A newly discovered protein developed by the liver could potentially revolutionize care for type 2 diabetes, which helps to regulate blood sugar levels.
Our study , published today in Science Translational Medicine, found that the injection into diabetic mice of this protein, called SMOC1, enabled them to regulate their blood glucose much better.
We have also developed a long-lasting form of SMOC1 which will only need to be injected once a week if it works the same way in humans as in mice, instead of being administered daily as is the case for many current diabetes medications.
Our findings in mice indicate SMOC1 is more effective in enhancing blood glucose regulation and insulin sensitivity than metformin, the main frontline treatment for type 2 diabetes.
Most of us have kind 2 diabetes friends , family members or colleagues.
Type 2 diabetes is also strongly related to obesity, and with the recent rise in the incidence of obesity (more than two billion people worldwide are overweight or obese), 578 million adults are expected to have diabetes by 2030, and 700 million by 2045.
Diabetes people have many problems that can affect their quality of life and decrease their life expectancy. A big issue for people with type 2 diabetes is high blood glucose which can cause many severe health issues if left unchecked and untreated:
People with diabetes are up to four times more vulnerable to heart disease and stroke
They are three times more likely to suffer from renal insufficiency
Amputations are 15 times more common in diabetes sufferers
Diabetes is Australia's number one cause of preventable blindness.
Reducing blood glucose levels will help thwart this subtle and underrated killer until any evidence of diabetes damage is apparent.
Drugs commonly used for diabetes are not good enough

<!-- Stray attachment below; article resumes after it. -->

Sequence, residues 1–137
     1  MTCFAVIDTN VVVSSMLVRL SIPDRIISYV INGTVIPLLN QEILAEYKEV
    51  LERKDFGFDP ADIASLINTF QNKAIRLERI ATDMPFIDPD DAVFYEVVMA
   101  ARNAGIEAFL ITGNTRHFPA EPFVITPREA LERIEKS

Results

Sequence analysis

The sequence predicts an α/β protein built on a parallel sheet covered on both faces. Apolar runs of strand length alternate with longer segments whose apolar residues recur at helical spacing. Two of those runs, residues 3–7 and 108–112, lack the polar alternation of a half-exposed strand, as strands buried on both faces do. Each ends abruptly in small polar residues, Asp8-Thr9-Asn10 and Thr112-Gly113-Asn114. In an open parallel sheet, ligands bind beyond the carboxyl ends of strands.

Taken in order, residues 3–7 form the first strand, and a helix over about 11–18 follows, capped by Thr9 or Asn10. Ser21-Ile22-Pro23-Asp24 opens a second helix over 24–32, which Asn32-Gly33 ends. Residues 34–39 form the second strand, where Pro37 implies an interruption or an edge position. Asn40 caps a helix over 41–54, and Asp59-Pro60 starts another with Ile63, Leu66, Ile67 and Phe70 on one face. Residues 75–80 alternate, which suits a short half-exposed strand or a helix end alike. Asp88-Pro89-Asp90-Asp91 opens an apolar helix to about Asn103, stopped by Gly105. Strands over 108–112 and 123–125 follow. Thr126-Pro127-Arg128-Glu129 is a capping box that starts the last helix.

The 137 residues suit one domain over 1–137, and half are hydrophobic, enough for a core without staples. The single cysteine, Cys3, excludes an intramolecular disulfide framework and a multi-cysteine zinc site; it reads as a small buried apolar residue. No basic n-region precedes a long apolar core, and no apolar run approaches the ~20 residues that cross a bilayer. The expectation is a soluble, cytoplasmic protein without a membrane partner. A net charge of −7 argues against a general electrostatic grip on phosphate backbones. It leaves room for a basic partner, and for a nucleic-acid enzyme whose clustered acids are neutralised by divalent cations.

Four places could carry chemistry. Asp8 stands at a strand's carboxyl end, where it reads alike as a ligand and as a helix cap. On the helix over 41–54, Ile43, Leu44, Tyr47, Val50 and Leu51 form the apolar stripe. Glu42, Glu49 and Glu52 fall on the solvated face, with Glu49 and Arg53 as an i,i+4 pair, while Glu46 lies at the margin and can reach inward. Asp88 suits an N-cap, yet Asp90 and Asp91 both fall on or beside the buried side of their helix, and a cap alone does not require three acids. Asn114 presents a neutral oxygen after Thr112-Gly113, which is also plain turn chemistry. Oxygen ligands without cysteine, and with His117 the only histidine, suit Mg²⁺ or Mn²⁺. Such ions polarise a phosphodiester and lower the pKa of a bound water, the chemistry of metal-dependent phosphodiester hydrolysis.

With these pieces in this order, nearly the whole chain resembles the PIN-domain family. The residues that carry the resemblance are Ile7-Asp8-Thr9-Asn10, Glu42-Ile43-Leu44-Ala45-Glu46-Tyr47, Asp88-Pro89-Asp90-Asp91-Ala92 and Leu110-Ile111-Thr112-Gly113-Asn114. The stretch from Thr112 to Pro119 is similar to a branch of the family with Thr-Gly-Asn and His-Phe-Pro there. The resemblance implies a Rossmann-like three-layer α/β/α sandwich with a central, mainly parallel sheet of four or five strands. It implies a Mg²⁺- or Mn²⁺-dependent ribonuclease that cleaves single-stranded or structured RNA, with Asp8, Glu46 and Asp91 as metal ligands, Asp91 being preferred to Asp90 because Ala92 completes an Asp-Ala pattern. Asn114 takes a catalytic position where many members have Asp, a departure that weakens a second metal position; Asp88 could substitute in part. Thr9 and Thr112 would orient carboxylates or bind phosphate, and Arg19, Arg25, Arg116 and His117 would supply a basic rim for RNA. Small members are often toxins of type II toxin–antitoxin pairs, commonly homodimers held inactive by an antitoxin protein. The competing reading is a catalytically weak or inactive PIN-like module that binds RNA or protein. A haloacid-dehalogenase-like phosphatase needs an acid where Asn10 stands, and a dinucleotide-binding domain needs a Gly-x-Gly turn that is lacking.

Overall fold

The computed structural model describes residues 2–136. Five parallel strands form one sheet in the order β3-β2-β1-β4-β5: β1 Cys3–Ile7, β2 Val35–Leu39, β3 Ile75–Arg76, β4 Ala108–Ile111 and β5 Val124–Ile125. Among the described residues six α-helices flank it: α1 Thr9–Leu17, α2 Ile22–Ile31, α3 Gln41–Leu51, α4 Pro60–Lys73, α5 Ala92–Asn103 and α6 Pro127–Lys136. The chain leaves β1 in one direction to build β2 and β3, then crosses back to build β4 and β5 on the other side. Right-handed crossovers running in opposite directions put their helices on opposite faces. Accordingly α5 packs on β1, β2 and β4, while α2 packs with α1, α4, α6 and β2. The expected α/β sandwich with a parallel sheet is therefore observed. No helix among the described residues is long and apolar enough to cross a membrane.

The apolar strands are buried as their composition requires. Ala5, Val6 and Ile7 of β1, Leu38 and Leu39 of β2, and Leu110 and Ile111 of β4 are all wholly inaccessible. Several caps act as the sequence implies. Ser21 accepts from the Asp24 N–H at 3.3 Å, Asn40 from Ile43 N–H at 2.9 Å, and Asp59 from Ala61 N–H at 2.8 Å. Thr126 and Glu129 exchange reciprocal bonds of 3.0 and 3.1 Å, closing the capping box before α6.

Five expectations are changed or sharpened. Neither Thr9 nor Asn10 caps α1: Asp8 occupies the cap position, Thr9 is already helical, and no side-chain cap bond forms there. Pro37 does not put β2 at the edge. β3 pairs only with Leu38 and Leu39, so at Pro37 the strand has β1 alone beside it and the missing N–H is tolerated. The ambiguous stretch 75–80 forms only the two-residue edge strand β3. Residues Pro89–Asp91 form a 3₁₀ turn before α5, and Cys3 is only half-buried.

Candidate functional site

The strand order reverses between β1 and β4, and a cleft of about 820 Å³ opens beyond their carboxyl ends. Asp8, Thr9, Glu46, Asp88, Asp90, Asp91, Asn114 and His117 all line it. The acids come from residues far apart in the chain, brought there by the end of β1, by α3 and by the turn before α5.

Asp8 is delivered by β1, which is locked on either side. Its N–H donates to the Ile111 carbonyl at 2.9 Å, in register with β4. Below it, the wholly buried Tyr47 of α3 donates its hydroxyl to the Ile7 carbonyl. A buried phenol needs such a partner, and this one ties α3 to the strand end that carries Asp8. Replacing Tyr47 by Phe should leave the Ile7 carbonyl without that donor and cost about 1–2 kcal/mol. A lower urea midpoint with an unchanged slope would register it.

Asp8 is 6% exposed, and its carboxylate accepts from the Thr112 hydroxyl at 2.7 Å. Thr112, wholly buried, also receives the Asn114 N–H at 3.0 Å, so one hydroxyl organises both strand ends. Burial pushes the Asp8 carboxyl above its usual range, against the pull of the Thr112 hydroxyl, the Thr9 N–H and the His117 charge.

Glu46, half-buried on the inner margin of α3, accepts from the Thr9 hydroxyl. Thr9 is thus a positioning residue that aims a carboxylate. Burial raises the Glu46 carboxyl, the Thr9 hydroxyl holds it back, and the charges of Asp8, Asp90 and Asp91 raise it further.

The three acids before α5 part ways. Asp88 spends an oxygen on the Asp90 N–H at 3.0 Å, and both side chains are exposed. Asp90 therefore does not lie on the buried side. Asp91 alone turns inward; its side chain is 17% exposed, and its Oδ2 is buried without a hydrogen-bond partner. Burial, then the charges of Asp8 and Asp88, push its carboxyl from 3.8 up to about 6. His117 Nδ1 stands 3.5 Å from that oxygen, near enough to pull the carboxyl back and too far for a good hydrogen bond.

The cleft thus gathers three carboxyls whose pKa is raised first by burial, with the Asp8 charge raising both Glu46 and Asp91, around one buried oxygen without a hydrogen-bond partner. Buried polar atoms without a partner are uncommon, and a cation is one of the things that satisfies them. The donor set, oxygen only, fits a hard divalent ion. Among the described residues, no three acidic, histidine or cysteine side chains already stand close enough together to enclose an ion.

The first treatment lines for diabetes are a balanced diet and exercise. But this does have limited efficacy in reducing blood glucose, particularly as the disease progresses. Thus, the use of drugs to regulate blood glucose eventually becomes important.
Usually later in disease development, insulin is used to manage type 2 diabetes, after other anti-hyperglycemic drugs become less effective in controlling blood glucose levels.
A new way to regulate blood glucose could be provided by our discovery of SMOC1, which is naturally created by the liver and released into the blood when glucose levels are elevated. We expect that SMOC1 may be successful in people with type 2 diabetes, whether advanced or newly diagnosed, based on our animal studies and experiments using human hepatic cells.
This will help to reduce the public health burden of the disease given the incidence of type 2 diabetes, with patients hopefully having less hospital visits and shorter hospital stays. In humans, we will need to test SMOC1 and seek the pharmaceutical industry's support in developing this possible new treatment.
With the right funding, SMOC1 could pass into clinical trials within six to eight years, helping us get closer to reducing the Type 2 diabetes and obesity overall global public health toll.
This article first appeared on https://theconversation.com